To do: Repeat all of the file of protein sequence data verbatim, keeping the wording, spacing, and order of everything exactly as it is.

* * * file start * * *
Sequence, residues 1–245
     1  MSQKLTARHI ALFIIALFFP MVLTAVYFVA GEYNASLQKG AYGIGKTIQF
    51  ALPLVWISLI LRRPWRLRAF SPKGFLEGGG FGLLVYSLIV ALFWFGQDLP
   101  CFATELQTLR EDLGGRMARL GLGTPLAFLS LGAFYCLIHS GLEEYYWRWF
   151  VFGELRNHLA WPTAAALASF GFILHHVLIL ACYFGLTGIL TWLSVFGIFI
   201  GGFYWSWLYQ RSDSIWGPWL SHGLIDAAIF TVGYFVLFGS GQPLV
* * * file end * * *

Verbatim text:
Sequence, residues 1–245
     1  MSQKLTARHI ALFIIALFFP MVLTAVYFVA GEYNASLQKG AYGIGKTIQF
    51  ALPLVWISLI LRRPWRLRAF SPKGFLEGGG FGLLVYSLIV ALFWFGQDLP
   101  CFATELQTLR EDLGGRMARL GLGTPLAFLS LGAFYCLIHS GLEEYYWRWF
   151  VFGELRNHLA WPTAAALASF GFILHHVLIL ACYFGLTGIL TWLSVFGIFI
   201  GGFYWSWLYQ RSDSIWGPWL SHGLIDAAIF TVGYFVLFGS GQPLV